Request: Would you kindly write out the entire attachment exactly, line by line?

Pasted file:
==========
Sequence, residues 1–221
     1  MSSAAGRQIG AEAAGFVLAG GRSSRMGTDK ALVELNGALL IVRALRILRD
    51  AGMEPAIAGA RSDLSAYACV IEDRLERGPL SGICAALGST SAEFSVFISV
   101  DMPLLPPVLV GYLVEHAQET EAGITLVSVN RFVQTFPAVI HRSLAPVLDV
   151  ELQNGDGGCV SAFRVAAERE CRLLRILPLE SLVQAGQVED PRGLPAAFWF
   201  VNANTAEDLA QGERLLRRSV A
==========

Sequence, residues 1–221
     1  MSSAAGRQIG AEAAGFVLAG GRSSRMGTDK ALVELNGALL IVRALRILRD
    51  AGMEPAIAGA RSDLSAYACV IEDRLERGPL SGICAALGST SAEFSVFISV
   101  DMPLLPPVLV GYLVEHAQET EAGITLVSVN RFVQTFPAVI HRSLAPVLDV
   151  ELQNGDGGCV SAFRVAAERE CRLLRILPLE SLVQAGQVED PRGLPAAFWF
   201  VNANTAEDLA QGERLLRRSV A